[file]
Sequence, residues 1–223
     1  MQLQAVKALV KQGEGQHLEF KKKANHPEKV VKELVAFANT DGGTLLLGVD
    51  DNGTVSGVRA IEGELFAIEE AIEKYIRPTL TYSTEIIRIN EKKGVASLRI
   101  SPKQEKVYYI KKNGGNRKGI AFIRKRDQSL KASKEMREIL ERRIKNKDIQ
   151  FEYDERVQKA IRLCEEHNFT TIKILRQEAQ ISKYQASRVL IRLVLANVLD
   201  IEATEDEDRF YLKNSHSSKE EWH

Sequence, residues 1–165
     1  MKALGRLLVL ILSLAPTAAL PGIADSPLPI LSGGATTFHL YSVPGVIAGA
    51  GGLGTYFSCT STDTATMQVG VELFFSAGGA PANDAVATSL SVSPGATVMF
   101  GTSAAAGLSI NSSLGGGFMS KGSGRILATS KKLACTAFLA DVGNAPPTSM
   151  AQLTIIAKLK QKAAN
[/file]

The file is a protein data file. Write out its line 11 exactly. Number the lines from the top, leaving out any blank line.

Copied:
   151  AQLTIIAKLK QKAAN